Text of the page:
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Quenel-Tueux N.,Institute Bergonie Comprehensive Cancer Center | Debled M.,Institute Bergonie Comprehensive Cancer Center | Rudewicz J.,Institute Bergonie Comprehensive Cancer Center | Rudewicz J.,French Institute of Health and Medical Research | And 30 more authors.
British Journal of Cancer | Year: 2015

Background: The aim of this study was to assess the efficacy of neoadjuvant anastrozole and fulvestrant treatment of large operable or locally advanced hormone-receptor-positive breast cancer not eligible for initial breast-conserving surgery, and to identify genomic changes occurring after treatment. Methods: One hundred and twenty post-menopausal patients were randomised to receive 1 mg anastrozole (61 patients) or 500 mg fulvestrant (59 patients) for 6 months. Genomic DNA copy number profiles were generated for a subgroup of 20 patients before and after treatment. Results: A total of 108 patients were evaluable for efficacy and 118 for toxicity. The objective response rate determined by clinical palpation was 58.9% (95% CI=45.0-71.9) in the anastrozole arm and 53.8% (95% CI=39.5-67.8) in the fulvestrant arm. The breast-conserving surgery rate was 58.9% (95% CI=45.0-71.9) in the anastrozole arm and 50.0% (95% CI=35.8-64.2) in the fulvestrant arm. Pathological responses >50% occurred in 24 patients (42.9%) in the anastrozole arm and 13 (25.0%) in the fulvestrant arm. The Ki-67 score fell after treatment but there was no significant difference between the reduction in the two arms (anastrozole 16.7% (95% CI=13.3-21.0) before, 3.2% (95% CI=1.9-5.5) after, n=43; fulvestrant 17.1% (95%CI=13.1-22.5) before, 3.2% (95% CI=1.8-5.7) after, n=38) or between the reduction in Ki-67 in clinical responders and non-responders. Genomic analysis appeared to show a reduction of clonal diversity following treatment with selection of some clones with simpler copy number profiles. Conclusions: Both anastrozole and fulvestrant were effective and well-tolerated, enabling breast-conserving surgery in over 50% of patients. Clonal changes consistent with clonal selection by the treatment were seen in a subgroup of patients. © 2015 Cancer Research UK.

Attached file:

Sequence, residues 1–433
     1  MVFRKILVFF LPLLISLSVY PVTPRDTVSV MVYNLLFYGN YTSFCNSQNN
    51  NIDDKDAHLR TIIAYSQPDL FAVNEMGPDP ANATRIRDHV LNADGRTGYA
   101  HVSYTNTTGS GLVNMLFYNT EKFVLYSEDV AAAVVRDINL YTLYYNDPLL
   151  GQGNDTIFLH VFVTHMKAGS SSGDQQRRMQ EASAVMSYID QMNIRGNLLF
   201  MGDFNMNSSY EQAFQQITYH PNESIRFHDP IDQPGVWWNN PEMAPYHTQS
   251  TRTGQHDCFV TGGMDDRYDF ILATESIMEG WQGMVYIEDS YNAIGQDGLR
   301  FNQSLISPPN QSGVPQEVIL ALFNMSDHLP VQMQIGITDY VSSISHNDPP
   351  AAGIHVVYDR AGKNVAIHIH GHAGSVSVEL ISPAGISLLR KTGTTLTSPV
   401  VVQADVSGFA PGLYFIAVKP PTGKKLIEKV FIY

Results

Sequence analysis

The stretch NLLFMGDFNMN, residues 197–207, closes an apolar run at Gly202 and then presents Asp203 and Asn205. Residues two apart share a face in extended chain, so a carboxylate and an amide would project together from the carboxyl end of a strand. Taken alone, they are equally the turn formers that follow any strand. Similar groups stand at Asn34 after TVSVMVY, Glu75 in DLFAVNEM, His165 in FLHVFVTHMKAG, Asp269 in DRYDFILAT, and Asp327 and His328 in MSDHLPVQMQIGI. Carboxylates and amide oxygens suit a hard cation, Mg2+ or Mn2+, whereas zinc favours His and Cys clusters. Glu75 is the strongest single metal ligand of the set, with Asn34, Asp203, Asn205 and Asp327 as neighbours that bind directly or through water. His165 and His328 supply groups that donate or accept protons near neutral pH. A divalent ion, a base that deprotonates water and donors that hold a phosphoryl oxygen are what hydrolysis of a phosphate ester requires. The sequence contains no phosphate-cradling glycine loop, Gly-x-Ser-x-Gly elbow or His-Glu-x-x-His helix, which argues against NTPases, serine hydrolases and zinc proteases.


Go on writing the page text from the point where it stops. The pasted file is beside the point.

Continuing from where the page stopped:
Fei F.,EORTC | Messina C.,EORTC | Slaets L.,EORTC | Chakiba C.,Institute Bergonie Comprehensive Cancer Center | And 3 more authors.
European Journal of Cancer | Year: 2015

Purpose Although achieving a pathological complete response (pCR) after neoadjuvant chemotherapy (NACT) in breast cancer predicts a better outcome, some patients still relapse. The objectives of this study were to describe the types of events in this group of patients and to identify predictive factors for relapse. Methods Patients with large operable or locally advanced breast cancers (T4d tumours were excluded) were randomised to receive either six cycles of anthracycline-based chemotherapy or three cycles of docetaxel followed by three cycles of eprirubicin/docetaxel. pCR was defined as no evidence of residual invasive cancer (or very few scattered tumour cells) in the primary tumour and axillary lymph nodes at surgery. Two Cox regression analyses were performed to identify predictive factors of relapse: one for recurrence-free interval (RFI) and one for distant recurrence-free interval (DRFI). Results Out of 283 eligible patients who achieved a pCR, 40 (14.1%) and 28 (9.9%) presented an event of interest for the RFI and DRFI analyses, respectively. Five-year RFI, DRFI and overall survival (OS) were 85.3% (95% confidence interval (CI), 80.1-89.3), 89.6% (95% CI, 85.0-92.9) and 91.9% (95% CI, 87.2-94.9), respectively. No predictors for RFI after pCR were identified. For DRFI, tumour size was the only predictor: Hazard ratio (HR) T3 versus T1-2 = 3.62 (95% CI, 1.66-7.89); HR T4 versus T1-2: HR, 2.80 (95% CI, 0.62-12.64) p = 0.0048. Conclusion In this study, clinical tumour size emerged as the only predictor for DRFI after pCR, with T3 and T4 tumours having an increased risk for distant recurrence compared to T1-2 tumours. © 2014 Elsevier Ltd. All rights reserved.

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